10 gait training exercises that may help balance and coordination after a stroke

therapist Natalie using Ekso with SCI patient

The vast majority of strokes affect the motor cortex, which sits at the lower back portion of the brain. As the name suggests, it controls movement by sending and receiving information from the arms and legs through the brainstem and spine. Usually, the stroke will affect either the right or left side of the brain, which controls the opposite side of the body. 

Depending on the stroke’s severity and the amount of time before initial treatment, patients’ muscle groups and walking abilities can be affected in different ways. The strength and tone of muscles can change, as well as the patient’s awareness and sensations of their limbs, their balance mechanisms, the timing of their gate, and their walking speed. 

The first three months of stroke rehabilitation are the most critical window for recovering strength and abilities. This article will cover some examples of gait training exercises we use with patients at Ability KC.

What are gait training exercises?

Gait training exercises target specific muscle groups, sensations and parts of a patient’s gait (e.g., their manner of walking or moving on foot) that have been affected by a stroke. Patients typically begin with a gait analysis to break down what parts of their gait are strongest and what parts are weakened or deviate from what’s considered a “normal” gait. Patients start their exercises with small, repetitive movements that isolate one part of their gait and slowly put them together for more complex, fluid movements.

The exercises we’ll cover here, and the ones that are easiest to practice at home, don’t require any special equipment. Patients in our day rehabilitation program and outpatient programs will use specialized equipment like the Ekso GT and functional electrical stimulation (FES) bike to build up their walking abilities.

10 gait training exercises for stroke rehabilitation

Some of these gait training exercises build muscle strength or balance, and some are micro-movements that make up your walking gait. In your first days of recovery, just a few reps can take a lot of effort — and some shaking is expected. Remember that walking involves movement in your arms and core, too, so swinging your arms and rotating your trunk can be good balance exercises to complement these.

You might start with the first two exercises, which are seated, and set a goal for the number of reps you want to reach before adding more to your routine. Soon you’ll find yourself doing more complex movements and longer exercises every day.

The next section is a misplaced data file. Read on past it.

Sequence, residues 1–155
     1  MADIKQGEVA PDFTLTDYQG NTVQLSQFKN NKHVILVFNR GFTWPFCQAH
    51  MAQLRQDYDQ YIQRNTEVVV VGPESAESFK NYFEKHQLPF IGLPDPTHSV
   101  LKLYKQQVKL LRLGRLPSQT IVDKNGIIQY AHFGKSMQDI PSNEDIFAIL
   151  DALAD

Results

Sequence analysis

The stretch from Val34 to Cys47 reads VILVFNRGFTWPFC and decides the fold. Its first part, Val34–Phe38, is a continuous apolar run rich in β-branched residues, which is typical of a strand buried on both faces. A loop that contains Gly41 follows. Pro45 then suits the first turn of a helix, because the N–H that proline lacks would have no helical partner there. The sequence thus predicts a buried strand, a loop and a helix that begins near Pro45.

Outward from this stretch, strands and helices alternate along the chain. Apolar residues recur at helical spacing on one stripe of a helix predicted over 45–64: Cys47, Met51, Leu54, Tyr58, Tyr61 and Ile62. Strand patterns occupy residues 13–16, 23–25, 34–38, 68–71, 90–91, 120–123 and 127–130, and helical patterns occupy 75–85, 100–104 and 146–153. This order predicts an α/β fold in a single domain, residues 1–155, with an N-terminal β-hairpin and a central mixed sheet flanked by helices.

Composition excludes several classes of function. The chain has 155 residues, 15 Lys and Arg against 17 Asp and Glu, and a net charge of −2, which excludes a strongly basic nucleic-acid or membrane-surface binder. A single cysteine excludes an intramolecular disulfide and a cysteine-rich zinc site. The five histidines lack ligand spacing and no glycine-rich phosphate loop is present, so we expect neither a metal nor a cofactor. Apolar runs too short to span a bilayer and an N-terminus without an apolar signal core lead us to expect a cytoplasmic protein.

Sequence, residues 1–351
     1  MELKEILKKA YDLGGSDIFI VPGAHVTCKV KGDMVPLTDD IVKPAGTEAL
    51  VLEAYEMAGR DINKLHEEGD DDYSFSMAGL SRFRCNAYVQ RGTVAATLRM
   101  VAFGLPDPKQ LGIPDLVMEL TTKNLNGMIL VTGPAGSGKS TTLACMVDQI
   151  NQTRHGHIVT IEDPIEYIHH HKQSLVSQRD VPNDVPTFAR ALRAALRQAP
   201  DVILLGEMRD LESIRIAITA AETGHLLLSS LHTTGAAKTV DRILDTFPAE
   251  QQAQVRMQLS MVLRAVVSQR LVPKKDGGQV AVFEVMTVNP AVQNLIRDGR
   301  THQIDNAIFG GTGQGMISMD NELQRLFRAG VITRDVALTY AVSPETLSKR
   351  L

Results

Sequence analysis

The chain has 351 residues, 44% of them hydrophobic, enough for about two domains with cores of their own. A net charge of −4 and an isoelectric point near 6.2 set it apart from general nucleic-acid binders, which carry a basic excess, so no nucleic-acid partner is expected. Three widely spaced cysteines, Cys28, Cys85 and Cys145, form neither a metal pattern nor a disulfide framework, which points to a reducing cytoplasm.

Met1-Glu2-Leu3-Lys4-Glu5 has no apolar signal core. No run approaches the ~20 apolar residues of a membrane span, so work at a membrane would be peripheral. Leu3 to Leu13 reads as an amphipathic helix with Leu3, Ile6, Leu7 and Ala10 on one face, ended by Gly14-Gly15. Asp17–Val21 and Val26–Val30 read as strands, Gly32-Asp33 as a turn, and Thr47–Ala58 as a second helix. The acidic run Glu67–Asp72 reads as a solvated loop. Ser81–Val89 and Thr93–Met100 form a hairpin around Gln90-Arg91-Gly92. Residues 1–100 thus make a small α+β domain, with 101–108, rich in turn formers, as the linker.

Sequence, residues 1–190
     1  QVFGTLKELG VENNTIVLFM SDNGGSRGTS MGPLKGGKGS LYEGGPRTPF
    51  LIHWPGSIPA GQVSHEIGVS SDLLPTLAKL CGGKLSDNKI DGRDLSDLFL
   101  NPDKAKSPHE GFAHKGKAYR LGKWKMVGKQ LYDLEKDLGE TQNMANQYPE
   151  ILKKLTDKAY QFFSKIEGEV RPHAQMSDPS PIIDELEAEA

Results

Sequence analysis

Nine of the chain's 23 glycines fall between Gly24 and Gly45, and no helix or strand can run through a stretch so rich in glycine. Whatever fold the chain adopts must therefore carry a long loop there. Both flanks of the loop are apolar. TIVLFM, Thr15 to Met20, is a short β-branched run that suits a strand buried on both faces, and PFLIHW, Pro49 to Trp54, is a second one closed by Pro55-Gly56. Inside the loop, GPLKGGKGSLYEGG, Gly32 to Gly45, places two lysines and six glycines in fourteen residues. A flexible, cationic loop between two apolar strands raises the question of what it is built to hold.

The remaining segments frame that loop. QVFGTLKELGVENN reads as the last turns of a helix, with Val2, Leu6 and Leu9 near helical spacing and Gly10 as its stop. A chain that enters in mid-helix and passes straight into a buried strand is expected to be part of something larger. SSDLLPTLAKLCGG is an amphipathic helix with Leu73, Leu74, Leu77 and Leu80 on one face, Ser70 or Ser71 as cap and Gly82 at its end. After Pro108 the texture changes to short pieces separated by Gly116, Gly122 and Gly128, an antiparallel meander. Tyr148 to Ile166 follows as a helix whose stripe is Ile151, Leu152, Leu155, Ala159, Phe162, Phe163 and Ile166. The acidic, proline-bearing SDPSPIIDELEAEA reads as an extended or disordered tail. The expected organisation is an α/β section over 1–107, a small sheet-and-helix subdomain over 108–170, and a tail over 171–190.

Here are 10 gait training exercises you can practice at home:

  • Seated knee extensions — Start seated in a chair with your legs in front of you and your back straight and tall. Extend one leg out and try to point your toe, and then release it down with control. Then do the same with the other leg and alternate back and forth. 
  • Seated marches — Start in the same position, except lift one knee toward the ceiling at a time. You might start with small movements and try to lift higher as you get stronger.
  • Left to right weight shifts — The rest of the exercises are done standing. Shifting your weight between your lower limbs is a critical part of keeping your balance as you walk. Stand with your feet shoulder width apart (holding on to something is perfectly fine) and move your hips slightly to the left, putting more weight on that foot, and then shift to the right.
  • Flamingo stands — Once you’re confident with shifting your weight, start lifting the opposite foot as you shift left and right. As you get better at this, hold the raised leg up longer.
  • Forward steps over level surfaces and obstacles — Make one step forward with your left foot, and then move it back to the starting position. Then do the right foot. You can put something on the floor in front of you like a book or a pair of socks to add some height to your step.
  • Sit to stand — This one is exactly what it sounds like: Start in a seated position and stand; then sit back down. You can alternate putting more pressure on your left and right leg if you want.
  • Step-ups — The next progression is to step up with your left foot first onto a stair or platform, and then step back down with your right and left foot. Repeat for the other side.
  • Side steps — These movements help with bearing weight between both of your legs. As you shift your weight to the left side, lift your right foot and extend it out sideways. Lower it down with control; then shift to the right and move your left foot out.
  • Knee to chest — For the last couple of exercises, lie on your back. With both legs extended, raise one knee to your chest; then lower it and do the other.
  • Toe taps — This one takes a lot of strength. While lying on your back, raise both knees up with your shins at a 90-degree angle. Touch your left toes to the ground; then raise them back up and repeat with your right leg. 

Get help with stroke rehabilitation at Ability KC

Recovery after a stroke is time sensitive. To reach your fullest potential, you’ll need an integrated team of therapists that understands your personal goals and interests. We tailor each care plan to the individual patient’s needs for engaged and comprehensive treatment experiences. 

Start with our day rehabilitation program for the highest level of support, or if you’re further along in your recovery, outpatient treatment is also available. We accept most major insurance carriers, and try to help remove payment barriers. Learn more about eligibility and our admissions process.

Questions? Contact our team today for more information or to schedule an initial appointment.